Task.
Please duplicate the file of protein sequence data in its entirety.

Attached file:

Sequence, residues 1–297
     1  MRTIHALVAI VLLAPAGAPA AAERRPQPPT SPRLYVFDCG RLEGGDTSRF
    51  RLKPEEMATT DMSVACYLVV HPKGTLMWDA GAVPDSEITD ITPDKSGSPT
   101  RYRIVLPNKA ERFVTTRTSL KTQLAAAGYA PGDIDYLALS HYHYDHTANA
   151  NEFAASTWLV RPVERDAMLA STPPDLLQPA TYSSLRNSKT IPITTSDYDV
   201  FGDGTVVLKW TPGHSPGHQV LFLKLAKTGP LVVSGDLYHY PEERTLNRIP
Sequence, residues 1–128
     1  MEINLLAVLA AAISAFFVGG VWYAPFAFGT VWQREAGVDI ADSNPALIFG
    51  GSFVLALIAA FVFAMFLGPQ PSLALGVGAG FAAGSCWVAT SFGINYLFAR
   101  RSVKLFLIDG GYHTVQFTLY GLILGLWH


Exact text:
Sequence, residues 1–297
     1  MRTIHALVAI VLLAPAGAPA AAERRPQPPT SPRLYVFDCG RLEGGDTSRF
    51  RLKPEEMATT DMSVACYLVV HPKGTLMWDA GAVPDSEITD ITPDKSGSPT
   101  RYRIVLPNKA ERFVTTRTSL KTQLAAAGYA PGDIDYLALS HYHYDHTANA
   151  NEFAASTWLV RPVERDAMLA STPPDLLQPA TYSSLRNSKT IPITTSDYDV
   201  FGDGTVVLKW TPGHSPGHQV LFLKLAKTGP LVVSGDLYHY PEERTLNRIP
Sequence, residues 1–128
     1  MEINLLAVLA AAISAFFVGG VWYAPFAFGT VWQREAGVDI ADSNPALIFG
    51  GSFVLALIAA FVFAMFLGPQ PSLALGVGAG FAAGSCWVAT SFGINYLFAR
   101  RSVKLFLIDG GYHTVQFTLY GLILGLWH